Four Steps for Handling Frustration with Teens

Between Parent and Child: The Bestselling Classic That Revolutionized Parent-Child Communication

When your young teen has decided to try his hand at backing the car out of the garage after you’ve told him he’s not ready, and the bumper’s scraped, the bushes have a hole in them, and you’re about to let loose with a barrage of #%$@* that would set fire to ice, stop….take a deep breath….and try this response suggested by psychologist Haim Ginott, in his book Between Parent and Child.

  1. Describe the situation: “Son, you just backed through the bushes.”  sigh   (“Yeah, Dad.”)
  2. Tell how you feel about it: “And I’m really ticked off at you!”
  3. Leave!: “In fact, I don’t know what I’ll do if I stay here. Pull the car back in the driveway, clean up the mess and come into the house.”
  4. By the time he comes in the house you’ll have calmed down and will probably be more able to talk with him about the incident without unnecessarily lecturing, criticizing and degrading him, and will be able to work out a solution. And remember, solutions are best when they are worked out by the child:

  5. “So, what do you think needs to be done about it?”

(“Well, Dad, I think I can pay for the damage out of my pizza shop check next week, and maybe go to the nursery for a new bush, and….okay….ground myself tonight….I’m really sorry.”)

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Benefits of the Changing Family Landscape

It is now estimated that between 17-20% of homes in America are multi-generational.   Increasingly, several generations opt for the financial, social and emotional support that living together affords.

In some cases, grandparents are helping to raise the next generation by moving in with their adult children.  But sometimes it’s the young adult children, now jobless, who are moving back with their parents.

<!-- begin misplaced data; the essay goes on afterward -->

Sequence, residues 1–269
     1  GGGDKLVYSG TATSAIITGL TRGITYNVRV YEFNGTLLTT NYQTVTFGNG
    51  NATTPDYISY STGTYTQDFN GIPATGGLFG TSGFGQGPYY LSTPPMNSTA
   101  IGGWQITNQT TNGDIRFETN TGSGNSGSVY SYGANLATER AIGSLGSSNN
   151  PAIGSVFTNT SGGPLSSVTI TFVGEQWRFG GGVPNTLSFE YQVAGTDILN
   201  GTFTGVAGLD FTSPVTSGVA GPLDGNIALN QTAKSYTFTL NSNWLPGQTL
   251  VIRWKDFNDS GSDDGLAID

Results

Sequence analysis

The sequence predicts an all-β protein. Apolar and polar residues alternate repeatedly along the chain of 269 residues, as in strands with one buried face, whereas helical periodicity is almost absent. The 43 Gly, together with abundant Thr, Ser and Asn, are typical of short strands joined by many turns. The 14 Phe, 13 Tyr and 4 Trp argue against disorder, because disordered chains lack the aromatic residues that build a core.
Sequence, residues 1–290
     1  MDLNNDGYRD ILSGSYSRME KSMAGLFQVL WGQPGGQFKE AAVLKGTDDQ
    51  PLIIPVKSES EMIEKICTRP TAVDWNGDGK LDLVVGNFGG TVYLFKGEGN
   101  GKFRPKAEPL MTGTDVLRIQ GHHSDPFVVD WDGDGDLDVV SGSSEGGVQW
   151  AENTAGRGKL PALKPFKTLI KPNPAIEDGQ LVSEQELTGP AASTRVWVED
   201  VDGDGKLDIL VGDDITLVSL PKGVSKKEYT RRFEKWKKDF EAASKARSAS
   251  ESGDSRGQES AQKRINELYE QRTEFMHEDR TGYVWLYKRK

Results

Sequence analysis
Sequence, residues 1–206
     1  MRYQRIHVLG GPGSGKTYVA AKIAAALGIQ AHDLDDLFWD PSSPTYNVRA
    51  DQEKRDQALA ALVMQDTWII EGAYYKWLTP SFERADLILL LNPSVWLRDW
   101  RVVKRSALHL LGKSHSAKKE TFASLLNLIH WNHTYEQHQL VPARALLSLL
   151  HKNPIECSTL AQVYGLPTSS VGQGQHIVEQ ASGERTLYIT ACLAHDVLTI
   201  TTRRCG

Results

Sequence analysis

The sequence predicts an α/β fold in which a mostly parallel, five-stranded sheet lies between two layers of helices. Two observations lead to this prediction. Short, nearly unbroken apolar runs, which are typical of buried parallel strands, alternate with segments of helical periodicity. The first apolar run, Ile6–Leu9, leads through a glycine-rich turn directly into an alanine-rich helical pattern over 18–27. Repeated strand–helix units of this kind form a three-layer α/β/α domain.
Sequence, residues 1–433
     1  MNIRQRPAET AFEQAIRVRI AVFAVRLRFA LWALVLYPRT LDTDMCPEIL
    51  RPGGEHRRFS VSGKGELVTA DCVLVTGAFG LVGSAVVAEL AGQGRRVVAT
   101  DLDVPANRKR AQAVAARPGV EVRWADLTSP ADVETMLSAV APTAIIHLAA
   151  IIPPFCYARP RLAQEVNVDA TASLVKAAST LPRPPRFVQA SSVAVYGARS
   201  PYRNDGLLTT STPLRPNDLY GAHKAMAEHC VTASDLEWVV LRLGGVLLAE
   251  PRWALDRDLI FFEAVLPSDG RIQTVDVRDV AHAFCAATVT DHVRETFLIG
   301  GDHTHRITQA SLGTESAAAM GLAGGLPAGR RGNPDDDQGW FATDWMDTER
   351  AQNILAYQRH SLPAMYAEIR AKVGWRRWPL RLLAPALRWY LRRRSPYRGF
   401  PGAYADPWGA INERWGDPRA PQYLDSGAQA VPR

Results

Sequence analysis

Perhaps this is a real upside to the politically and financially dark landscape that we are in these days.  We need each other!   A benefit to hard times is that we change our perspectives about the glories of being “self-made” and “self-contained.”   Forget the Lone Ranger!

We’re into extended family and community these days.   So get out the board games and fire up the bar-b.   You don’t need expensive restaurants and entertainment when you have a friend at home.

Advice to Help Parents Break the Cycle of Addiction

Parenting for Prevention: How to Raise a Child to Say No to Alcohol/Drugs

There are many good parenting books on the market but one that I frequently return to in my practice – especially for parents of pre-teen and teen children – is “Parenting for Prevention.”   It’s particularly useful for parents who themselves are Adult Children of Alcoholics and who want to make sure they don’t raise another generation of substance abusers.

It is too easy for ACA’s to slip into some enabling behaviors!    But I think this book is a good read for parents of any nearly or clearly adolescent.    Full of common sense and easy to read with almost no “filler” – I think you’ll enjoy the simple “job descriptions” for parents and kids and the advice on how to avoid those “mixed messages”.   It’s cheap at Amazon or you can order it from a local bookstore.

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